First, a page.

Kurds seek UK backing over Iraq 'genocide'

Campaigners read out the names of killed Iraqi Kurds Justice4genocide is supported by the Kurdistan Regional Government and some British MPs

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Iraqi Kurds in Britain have begun a campaign for the mass murder of their people in Iraq in the late-1980s to be formally recognised as genocide.

At least 180,000 Kurds were killed by Saddam Hussein's forces.

The justice4genocide campaign says many more died in atrocities carried out by regimes from the 1960s onwards.

It is petitioning the UK government to declare the mass killing of Kurds as a genocide and press the European Union and United Nations to do the same.

The campaign has the support of a number of British MPs and the Kurdistan Regional Government (KRG).

The KRG's representative in Britain, Bayan Sami Abdul Rahman, said she hoped the campaign would eventually lead to trials at the international criminal court.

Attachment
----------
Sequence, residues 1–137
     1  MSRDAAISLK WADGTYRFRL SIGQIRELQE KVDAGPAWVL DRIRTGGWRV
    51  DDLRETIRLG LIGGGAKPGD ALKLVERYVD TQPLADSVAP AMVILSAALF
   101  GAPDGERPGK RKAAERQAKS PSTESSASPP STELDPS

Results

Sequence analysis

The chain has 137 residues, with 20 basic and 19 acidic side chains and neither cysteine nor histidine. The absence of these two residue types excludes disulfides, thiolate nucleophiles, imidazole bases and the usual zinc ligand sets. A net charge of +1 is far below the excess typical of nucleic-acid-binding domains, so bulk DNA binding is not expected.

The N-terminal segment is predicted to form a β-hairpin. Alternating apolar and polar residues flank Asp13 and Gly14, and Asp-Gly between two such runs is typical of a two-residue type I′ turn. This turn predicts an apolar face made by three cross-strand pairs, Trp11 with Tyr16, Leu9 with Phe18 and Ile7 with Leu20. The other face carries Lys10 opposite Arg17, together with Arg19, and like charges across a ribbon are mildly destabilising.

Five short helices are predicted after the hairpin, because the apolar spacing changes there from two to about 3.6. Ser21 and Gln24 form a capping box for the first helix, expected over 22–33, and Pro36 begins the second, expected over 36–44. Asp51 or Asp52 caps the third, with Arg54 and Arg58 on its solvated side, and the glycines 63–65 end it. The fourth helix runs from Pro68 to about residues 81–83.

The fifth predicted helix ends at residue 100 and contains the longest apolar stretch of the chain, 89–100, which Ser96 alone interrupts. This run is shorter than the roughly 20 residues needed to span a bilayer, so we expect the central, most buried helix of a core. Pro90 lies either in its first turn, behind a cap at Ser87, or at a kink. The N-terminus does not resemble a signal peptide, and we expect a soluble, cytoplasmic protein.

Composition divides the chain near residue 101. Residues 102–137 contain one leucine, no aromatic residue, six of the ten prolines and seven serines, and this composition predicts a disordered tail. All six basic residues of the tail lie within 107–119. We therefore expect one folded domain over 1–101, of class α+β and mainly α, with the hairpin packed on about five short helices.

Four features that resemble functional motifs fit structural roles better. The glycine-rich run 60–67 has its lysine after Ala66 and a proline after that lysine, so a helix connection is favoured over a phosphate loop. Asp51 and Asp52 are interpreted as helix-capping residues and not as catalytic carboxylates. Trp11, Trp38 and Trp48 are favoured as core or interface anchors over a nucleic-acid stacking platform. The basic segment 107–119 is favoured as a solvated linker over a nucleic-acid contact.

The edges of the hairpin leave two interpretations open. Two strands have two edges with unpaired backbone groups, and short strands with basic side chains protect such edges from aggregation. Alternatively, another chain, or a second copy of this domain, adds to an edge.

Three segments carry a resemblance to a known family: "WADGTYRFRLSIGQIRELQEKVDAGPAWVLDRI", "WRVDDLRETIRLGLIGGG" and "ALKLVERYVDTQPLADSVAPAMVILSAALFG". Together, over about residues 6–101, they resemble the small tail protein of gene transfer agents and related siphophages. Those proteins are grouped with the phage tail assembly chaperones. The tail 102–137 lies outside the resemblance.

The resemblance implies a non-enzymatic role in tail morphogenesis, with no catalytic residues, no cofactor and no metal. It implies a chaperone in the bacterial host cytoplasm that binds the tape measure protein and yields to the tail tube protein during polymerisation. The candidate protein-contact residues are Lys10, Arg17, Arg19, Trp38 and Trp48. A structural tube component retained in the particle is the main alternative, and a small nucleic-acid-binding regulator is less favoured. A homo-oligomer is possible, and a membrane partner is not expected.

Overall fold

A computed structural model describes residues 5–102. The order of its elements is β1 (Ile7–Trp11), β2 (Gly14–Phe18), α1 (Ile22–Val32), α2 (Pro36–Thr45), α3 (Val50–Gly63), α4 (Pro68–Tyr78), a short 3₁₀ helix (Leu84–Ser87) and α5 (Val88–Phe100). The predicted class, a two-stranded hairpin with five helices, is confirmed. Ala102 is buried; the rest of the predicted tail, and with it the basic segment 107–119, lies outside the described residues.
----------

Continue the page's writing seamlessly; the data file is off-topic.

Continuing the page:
Ms Rahman said: "Different people were responsible through different decades, so there are many, many people who have blood on their hands.

"Even though Saddam Hussein was charged with genocide he wasn't actually tried for genocide so that's another frustration for survivors."

Both Hussein and his cousin, Ali Hassan al-Majid - known as Chemical Ali - were put to death.

Towards the end of the Iran-Iraq war, they targeted the Kurdish population in the north of Iraq.

Shaho Qadir Shaho Qadir lost his legs in the 1988 bombing of Halabja

In the most notorious attack, warplanes dropped chemical bombs on the town of Halabja, killing 5,000 men, women and children.

Shaho Qadir was 13 at the time. A bomb blew off both his legs. "It was like a nightmare for me. It was just unbelievable - in one second losing your legs. You can't believe it," he said.

Mr Qadir joined justice4genocide to gather signatures for their petition in London, where campaigners read out the names of some of those killed.

A spokesperson for the British Foreign Office said: "It is clear that appalling atrocities have been perpetrated against the Iraqi Kurds and other minorities.

"We have always condemned those crimes, which caused so much suffering to so many people.

"Today, we work closely with all of the people of Iraq to help support a stable, democratic and prosperous country where such atrocities can never happen again."

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